Warning signs of a serious pregnancy complication

Warning signs of a serious pregnancy complication

Preeclampsia, a serious pregnancy complication characterized by high blood pressure, elevated protein levels and damage to organs such as the liver and kidneys, can have significant impacts on both the child bearer and baby. While the condition can affect any pregnant woman, Black women are at a higher risk of developing preeclampsia and experiencing severe complications.

“The impacts of preeclampsia can be devastating for both mother and baby,” says Dr. Gregory Woodfill an obstetrics and gynecology physician at Aurora Women’s Health in Two Rivers, Wis. “In severe cases, the condition can lead to premature birth, low birth weight, placental abruption, and even maternal and fetal death.”

According to the Preeclampsia Foundation, the pregnancy complication can impact up to 8 percent of all births in the United States. Black women are 60 percent more likely to develop preeclampsia than white women. This disparity is even more pronounced for severe cases, with Black women being three times more likely to experience severe preeclampsia and also more likely to die from related complications.

Several factors contribute to preeclampsia disparity, including genetics, socioeconomic factors and healthcare disparities. In addition, the American Heart Association says Black women are more likely to have pre-existing conditions such as high blood pressure, which can increase their risk of developing pregnancy-related complications.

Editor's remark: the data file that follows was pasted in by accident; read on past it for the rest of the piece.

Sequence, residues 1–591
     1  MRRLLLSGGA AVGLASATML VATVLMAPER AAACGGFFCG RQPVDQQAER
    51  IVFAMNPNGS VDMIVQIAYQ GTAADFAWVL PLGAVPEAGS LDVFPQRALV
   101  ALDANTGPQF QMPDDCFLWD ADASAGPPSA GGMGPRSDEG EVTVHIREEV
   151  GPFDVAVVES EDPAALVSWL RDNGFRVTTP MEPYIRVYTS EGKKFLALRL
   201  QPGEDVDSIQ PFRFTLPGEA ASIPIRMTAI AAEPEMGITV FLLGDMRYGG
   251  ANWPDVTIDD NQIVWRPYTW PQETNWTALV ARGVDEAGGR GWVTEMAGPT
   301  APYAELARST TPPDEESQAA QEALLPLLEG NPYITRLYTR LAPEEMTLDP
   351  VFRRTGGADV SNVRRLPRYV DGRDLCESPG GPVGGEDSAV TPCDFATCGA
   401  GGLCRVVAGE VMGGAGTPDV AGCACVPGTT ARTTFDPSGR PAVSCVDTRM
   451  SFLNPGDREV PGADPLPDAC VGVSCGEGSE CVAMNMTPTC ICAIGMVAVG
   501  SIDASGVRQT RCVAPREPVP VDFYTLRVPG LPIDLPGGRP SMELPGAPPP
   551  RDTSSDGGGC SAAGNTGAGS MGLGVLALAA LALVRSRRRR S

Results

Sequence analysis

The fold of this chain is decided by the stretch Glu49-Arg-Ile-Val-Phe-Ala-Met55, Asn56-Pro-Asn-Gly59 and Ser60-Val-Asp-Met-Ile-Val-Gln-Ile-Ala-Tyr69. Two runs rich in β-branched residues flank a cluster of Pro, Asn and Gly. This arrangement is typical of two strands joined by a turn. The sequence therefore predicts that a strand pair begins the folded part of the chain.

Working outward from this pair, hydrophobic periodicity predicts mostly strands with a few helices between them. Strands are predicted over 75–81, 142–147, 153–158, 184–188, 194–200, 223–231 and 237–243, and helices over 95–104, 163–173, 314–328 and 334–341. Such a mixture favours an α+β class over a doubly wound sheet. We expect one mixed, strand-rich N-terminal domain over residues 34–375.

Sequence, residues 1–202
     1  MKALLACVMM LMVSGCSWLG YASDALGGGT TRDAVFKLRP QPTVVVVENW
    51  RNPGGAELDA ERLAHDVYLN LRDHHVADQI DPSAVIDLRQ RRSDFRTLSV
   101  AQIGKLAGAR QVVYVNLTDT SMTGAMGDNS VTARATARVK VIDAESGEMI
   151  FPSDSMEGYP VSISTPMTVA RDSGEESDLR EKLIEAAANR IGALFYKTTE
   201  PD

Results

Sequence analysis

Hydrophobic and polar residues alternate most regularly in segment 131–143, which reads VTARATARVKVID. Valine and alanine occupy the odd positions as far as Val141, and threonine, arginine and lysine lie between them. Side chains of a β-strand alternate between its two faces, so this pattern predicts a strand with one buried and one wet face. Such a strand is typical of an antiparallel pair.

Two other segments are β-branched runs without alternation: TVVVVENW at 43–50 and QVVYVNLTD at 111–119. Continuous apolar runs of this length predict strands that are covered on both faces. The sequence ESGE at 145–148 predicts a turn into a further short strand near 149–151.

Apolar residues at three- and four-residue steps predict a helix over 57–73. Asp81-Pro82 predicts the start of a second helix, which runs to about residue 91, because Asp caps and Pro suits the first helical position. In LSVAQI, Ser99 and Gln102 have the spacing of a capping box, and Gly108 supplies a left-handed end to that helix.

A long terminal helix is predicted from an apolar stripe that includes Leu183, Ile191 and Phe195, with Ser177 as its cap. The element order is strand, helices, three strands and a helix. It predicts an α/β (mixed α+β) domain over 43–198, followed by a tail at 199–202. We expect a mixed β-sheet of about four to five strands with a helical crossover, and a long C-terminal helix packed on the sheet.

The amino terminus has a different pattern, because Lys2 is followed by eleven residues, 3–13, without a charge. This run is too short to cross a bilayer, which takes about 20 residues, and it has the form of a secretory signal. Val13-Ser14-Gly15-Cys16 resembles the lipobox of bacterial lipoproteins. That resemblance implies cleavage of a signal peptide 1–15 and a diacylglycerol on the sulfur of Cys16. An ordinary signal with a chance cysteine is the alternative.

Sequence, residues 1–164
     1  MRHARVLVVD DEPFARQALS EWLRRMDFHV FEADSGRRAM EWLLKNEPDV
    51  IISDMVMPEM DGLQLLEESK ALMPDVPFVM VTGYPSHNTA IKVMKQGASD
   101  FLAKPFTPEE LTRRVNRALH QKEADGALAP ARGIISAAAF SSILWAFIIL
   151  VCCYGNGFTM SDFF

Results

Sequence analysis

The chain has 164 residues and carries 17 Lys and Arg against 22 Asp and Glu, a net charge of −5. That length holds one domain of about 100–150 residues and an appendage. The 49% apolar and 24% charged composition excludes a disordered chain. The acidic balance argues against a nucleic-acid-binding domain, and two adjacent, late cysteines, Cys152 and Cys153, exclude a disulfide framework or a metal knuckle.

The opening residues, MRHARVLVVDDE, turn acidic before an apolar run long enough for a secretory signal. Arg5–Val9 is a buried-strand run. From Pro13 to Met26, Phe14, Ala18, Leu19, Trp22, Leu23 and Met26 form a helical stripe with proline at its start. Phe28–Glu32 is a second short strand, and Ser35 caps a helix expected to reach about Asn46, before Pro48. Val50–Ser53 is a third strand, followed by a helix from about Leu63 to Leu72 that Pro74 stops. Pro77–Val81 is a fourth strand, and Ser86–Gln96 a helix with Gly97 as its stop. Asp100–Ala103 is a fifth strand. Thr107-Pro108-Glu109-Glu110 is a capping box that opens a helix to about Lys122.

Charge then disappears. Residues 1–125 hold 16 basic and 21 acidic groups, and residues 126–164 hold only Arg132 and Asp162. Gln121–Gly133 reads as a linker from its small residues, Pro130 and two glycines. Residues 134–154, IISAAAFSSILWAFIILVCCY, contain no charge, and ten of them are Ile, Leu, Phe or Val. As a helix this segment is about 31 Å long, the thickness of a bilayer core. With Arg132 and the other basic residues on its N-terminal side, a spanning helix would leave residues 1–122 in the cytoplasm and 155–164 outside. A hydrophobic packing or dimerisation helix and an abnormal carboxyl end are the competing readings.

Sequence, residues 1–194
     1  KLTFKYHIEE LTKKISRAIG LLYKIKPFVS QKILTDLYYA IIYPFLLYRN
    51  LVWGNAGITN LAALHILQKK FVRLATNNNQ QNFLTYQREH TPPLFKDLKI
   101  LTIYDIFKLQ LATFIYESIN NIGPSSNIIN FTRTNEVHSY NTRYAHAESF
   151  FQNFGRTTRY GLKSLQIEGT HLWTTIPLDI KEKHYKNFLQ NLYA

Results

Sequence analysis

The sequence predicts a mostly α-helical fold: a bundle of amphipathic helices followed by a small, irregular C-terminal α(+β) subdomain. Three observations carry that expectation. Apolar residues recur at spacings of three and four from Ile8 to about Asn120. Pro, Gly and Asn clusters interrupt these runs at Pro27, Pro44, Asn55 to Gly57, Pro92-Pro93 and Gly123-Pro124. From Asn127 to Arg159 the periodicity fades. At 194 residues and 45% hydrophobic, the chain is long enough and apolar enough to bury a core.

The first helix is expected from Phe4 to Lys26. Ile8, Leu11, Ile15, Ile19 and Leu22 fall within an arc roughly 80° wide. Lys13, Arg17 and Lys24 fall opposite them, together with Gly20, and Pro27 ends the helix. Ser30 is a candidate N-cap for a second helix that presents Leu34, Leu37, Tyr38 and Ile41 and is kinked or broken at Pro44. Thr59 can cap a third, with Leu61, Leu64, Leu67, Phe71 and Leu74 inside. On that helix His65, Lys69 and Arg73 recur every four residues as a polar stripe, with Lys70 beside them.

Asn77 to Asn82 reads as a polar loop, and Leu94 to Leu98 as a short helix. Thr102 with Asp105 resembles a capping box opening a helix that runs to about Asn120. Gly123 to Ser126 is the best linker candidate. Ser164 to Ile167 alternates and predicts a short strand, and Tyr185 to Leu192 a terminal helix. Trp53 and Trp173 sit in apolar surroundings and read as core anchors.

Early detection can save lives.

“Access to quality prenatal care and timely interventions are critical for preventing and managing preeclampsia, which can occur during pregnancy and postpartum,” says Dr. Woodfill. “Educating patients about the warning signs and symptoms of preeclampsia, which may include abdominal pain, shortness of breath, headache, vision problems, nausea and anxiety is also crucial to early diagnosis.”

If you are experiencing abnormal symptoms during pregnancy, Dr. Woodfill recommends asking an obstetrician. They can help you understand your symptoms, next steps and answer questions you may have.

Are you trying to find an obstetrics and gynecology physician? Look here if you live in Illinois. Look here if you live in Wisconsin.

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About the Author

Cearron Bagenda
Cearron Bagenda

Cassie Richardson, health enews contributor, is regional coordinator on the Public Affairs team for Advocate Health Care and Aurora Health Care. She previously worked as a TV news reporter and fill-in anchor covering medical, political, feature and breaking news stories at CBS 58 in Milwaukee, WBAY-TV ABC in Green Bay and NBC Nebraska- Scottsbluff. Cearron enjoys spending time outside with her three dogs, biking, traveling and interior decorating.